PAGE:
Robert Sangster 1936-2004: Australians pay respect to man who changed their racing scene.
Tributes to Robert Sangster have poured in from Australia, where the late owner-breeder had a huge influence on the racing industry.
Sangster, who had strong connections to Australia through his marriage to
socialite Susan Peacock (now Lady Renouf), as well as his vast racing
empire, first came to notice Down
Under when he won the 1980
Melbourne Cup with Beldale Ball. That horse's trainer, the late Colin Hayes, subsequently became his business partner.
Lady Renouf said her former husband had changed the Australian racing industry by bringing in quality stallions.
"It was a very new thing to be doing, a little frowned upon by the Jockey Club, but it's been a great success," she told ABC radio.
She had planned to meet him this year at the Sydney autumn carnival and yearling sales. She added: "He was
diagnosed as seriously ill at the end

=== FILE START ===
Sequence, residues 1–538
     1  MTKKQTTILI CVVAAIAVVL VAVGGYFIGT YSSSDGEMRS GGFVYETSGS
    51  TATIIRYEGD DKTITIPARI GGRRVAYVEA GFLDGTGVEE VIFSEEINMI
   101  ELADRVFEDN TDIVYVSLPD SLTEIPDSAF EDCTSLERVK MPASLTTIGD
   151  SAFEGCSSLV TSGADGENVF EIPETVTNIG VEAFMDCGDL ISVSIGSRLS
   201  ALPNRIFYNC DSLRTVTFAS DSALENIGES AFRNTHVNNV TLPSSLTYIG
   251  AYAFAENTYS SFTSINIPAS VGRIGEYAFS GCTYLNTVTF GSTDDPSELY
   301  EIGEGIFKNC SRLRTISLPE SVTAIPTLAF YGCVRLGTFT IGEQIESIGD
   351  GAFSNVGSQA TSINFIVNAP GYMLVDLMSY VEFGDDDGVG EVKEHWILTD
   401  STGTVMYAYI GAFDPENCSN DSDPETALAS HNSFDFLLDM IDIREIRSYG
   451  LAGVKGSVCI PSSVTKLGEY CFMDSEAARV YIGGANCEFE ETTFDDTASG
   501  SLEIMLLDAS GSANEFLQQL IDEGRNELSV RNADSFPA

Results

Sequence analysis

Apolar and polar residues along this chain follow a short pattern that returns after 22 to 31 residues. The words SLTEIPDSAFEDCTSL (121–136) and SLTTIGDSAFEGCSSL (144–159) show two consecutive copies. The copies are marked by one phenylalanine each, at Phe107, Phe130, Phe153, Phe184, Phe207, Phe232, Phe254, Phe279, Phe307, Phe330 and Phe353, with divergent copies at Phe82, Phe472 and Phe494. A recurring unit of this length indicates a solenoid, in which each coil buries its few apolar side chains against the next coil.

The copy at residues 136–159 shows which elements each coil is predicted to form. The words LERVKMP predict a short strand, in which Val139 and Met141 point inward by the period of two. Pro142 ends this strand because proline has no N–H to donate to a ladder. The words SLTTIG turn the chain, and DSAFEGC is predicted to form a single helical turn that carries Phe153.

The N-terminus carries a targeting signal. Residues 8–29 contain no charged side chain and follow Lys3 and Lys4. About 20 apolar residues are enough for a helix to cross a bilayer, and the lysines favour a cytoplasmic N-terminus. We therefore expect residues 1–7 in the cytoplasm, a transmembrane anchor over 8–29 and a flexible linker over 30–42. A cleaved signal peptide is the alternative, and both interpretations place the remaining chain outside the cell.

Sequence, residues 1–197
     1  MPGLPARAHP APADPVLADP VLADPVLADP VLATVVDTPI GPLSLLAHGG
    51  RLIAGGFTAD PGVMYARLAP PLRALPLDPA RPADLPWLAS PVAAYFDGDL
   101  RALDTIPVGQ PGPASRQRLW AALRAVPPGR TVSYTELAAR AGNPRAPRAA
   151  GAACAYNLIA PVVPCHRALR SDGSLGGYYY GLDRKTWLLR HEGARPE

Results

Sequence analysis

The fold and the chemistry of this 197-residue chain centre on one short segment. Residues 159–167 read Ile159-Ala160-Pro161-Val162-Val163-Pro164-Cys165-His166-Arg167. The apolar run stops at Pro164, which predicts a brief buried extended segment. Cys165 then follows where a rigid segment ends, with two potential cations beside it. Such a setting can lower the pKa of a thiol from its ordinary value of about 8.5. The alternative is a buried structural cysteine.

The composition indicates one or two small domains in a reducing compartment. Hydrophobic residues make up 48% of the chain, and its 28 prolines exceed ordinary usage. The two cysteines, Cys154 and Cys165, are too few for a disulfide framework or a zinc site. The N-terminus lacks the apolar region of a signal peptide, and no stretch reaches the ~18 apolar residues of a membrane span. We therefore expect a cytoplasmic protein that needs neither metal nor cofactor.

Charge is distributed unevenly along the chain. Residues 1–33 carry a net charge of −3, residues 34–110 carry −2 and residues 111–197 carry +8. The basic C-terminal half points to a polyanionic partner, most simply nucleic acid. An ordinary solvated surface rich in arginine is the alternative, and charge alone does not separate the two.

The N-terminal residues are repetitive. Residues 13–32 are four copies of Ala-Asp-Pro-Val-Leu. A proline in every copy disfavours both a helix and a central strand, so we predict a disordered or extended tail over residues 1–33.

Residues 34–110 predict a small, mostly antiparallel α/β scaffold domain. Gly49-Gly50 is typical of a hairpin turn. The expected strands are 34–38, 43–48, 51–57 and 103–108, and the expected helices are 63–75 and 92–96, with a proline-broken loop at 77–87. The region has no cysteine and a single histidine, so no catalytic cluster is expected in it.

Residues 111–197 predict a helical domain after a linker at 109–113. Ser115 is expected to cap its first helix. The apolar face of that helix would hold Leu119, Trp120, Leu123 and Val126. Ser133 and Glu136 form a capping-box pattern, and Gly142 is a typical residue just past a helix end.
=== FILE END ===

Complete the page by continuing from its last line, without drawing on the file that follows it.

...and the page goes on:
of January, so all those plans went on hold."
The directors of local racing authority Racing Victoria extended their
sympathies to Sangster's family and
acknowledged the contribution he made to the Australian racing and breeding industries.
"His green, royal blue and white
racing colours were synonymous with success and were instantly recognisable by racing fans across the world," said chairman Graham Duff.
Trainer Tony McEvoy, who prepares the horses who compete under Sangster's Swettenham Stud banner, said that racing around the world had
suffered a great loss.
He said: "Sangster was at the forefront of opening up Australia to the thoroughbred world. The legacy he leaves behind is a fantastic team of people, which should ensure the successful
future of his racing interests."
Larrocha will carry Sangster's famous colours in tomorrow's Easter Cup at Caulfield. Last May, the Danehill four-year-old joined a list of more than 100 individual Group 1 winners Sangster has owned when she landed the South Australian Oaks.
Also among those who offered condolences yesterday was Australian Prime Minister John Howard.